Am I the only one who’s disappointed there aren’t many more dying from this Chinese-engineered virus? Am I alone in feeling disappointed it hasn’t lived up to its full injurious potential?
Firstly, I’m genuinely irked that it hasn’t torn through China’s population like last summer’s bushfires through our parklands. But I’ll be honest, I am not prejudiced where this pandemic is concerned, I hope it kills everybody.
Well, maybe not everybody, I still need people to farm my food, brew my beer, and roll my cigars, but there are good prospects for a major culling of the human race and that’s what I’m hoping for.
See, I hate everybody. Sure, I prefer to be with my own kind but then the white race is so full of bogans, snowflakes and arseholes that it could do with a bit of thinning out just to improve the stock.
I don’t love you simply because you’re white — I expect certain standards to be maintained. Invoking ‘Hitler’ and ‘the Third Reich’ won’t save you either just in case you figure doing so will trigger a simpatico response. Don’t be coming on with your pan-universal white-race crap: I don’t buy it. Besides, I have often wondered what makes Germans think they’re not wogs: they wear silly costumes; they eat smelly sausages and drink crap beer; plus, they don’t speak English. All of that in my book makes you a wog. And if you’re not an Aussie, you must be a wog.
Anyway, that’s just so we’re understood that no one gets a free ride on my watch; you have to earn your corner of the room.
It goes without saying that I hope those segments of the population who I’ve noticed don’t even believe there is a pandemic are hammered by the virus the most. All those oblivious Asians that ignore social distancing rules as they track to the supermarket to cheat Australians out of whatever is on the shelves. I’ve been watching them. They don’t get away from me unscathed; as I’m prone to certain types of criminal behaviour. I’ll vilify them no matter how many busybodies with mobile cameras are about. I’ll let them know that it was their race that started this; either by eating rat’s mucous or because a klutz in a communist virus lab got splashed with bat blood. Furthermore, I expect Australian bystanders to not only support me but to join in. This might save you from the scoops.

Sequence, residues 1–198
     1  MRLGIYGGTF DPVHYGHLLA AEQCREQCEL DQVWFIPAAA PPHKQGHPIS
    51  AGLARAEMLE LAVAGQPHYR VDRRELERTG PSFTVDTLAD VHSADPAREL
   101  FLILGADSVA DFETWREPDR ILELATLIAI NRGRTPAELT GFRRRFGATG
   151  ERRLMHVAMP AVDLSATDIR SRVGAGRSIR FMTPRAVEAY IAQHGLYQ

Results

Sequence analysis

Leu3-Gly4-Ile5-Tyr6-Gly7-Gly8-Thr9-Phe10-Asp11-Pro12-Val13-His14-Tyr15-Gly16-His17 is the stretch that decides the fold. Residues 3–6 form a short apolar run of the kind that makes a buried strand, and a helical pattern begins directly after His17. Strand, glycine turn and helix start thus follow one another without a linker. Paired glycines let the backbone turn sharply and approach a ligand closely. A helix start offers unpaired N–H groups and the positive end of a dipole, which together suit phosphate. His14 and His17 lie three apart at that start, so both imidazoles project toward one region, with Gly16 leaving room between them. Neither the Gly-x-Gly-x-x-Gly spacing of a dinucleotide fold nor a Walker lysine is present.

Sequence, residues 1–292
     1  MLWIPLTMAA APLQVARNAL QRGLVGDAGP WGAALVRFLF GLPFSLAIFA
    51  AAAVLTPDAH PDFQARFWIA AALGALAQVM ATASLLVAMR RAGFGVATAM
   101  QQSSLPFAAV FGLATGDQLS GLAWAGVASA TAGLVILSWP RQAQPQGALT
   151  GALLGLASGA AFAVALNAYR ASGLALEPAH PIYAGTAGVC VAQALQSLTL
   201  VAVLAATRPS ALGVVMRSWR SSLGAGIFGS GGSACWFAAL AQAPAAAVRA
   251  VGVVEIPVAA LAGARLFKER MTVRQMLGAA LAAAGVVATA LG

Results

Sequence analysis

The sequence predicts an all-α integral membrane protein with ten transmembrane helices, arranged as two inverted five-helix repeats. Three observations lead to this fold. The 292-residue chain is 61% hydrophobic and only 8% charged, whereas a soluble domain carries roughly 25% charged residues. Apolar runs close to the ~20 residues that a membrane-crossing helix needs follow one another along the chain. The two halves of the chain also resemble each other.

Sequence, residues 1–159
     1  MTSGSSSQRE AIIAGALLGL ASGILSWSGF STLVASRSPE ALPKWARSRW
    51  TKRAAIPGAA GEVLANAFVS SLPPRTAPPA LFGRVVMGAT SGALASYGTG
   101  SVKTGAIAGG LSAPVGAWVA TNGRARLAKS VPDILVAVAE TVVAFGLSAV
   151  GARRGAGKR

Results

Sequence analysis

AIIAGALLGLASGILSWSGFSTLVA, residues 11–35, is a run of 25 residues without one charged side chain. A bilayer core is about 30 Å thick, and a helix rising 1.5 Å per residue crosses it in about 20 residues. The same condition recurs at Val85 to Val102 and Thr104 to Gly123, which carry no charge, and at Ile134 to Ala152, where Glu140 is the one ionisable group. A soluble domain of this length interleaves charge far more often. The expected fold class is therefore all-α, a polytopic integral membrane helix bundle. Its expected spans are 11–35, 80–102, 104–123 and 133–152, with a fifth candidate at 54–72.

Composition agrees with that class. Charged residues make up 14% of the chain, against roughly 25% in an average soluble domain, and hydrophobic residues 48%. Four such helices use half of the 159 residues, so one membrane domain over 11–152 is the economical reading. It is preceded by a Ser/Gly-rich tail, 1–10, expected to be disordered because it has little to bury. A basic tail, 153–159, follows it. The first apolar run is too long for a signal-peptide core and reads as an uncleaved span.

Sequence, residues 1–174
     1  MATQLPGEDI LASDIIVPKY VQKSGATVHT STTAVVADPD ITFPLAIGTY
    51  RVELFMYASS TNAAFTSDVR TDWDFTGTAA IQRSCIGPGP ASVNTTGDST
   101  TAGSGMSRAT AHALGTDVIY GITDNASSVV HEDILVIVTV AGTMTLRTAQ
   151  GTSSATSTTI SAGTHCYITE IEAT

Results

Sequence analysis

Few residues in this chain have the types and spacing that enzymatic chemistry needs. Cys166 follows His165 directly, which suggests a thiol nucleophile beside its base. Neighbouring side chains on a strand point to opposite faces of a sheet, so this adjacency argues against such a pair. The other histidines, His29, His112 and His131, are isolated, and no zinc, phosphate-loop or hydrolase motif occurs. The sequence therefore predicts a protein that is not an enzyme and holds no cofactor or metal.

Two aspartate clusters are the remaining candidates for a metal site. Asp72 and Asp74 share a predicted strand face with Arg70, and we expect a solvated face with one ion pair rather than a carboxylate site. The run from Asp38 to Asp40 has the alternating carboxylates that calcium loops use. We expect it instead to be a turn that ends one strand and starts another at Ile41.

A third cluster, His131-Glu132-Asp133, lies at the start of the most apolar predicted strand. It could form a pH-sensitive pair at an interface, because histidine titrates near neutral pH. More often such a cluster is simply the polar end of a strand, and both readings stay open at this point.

Because the scoops are coming and I’ll be directing them. For anybody, regardless of race, who doesn’t maintain the minimum 1.5-metre distance, you’re guaranteed scoop fodder. Down come the scoops to scoop you up and dump you in the trash compactor with the rest of the waste.
Yes, I’ve been watching how people have responded to this crisis and I’m not surprised but even less impressed. Sleazy Indians who’ve worn a cloak of invisibility up till now thanks to the psychotic politeness of white guilt can no longer take advantage and push ahead in queues, which pretty much goes for all non-whites, particularly Africans and Boogawanalanders that I’ve observed. They have lived a life blessed by white people’s fear of calling them out lest they are labelled racist. The cloak of invisibility has come off along with the gloves. We not only see you, but we’ll be singling you out, and Tim Sloop’s 20 plus books on Racist Australia won’t save you since he’ll be the first stomped bloodily into the glass-strewn gutter along with his bag full of hoarded noodles.
What triggered this journal of rage, you ask? Yeah, well I don’t mind saying: it was a trip outdoors during this phoney lockdown.
Now, I hate our Zionist government as much as the next good nativist. But in this case, they’ve got it right. Sure, it’s the only time in their deceitful existence that they’ve gotten anything together and it’s bound to be the last, yet it makes sense. And what bothers me are the galahs who’re ignoring the rules because they don’t feel the virus is serious enough. It hasn’t occurred to them that it’s exactly those tough measures that have kept the body count down from, say, Italy or America. And bearing in mind how close to China we are it’s also kind of a miracle.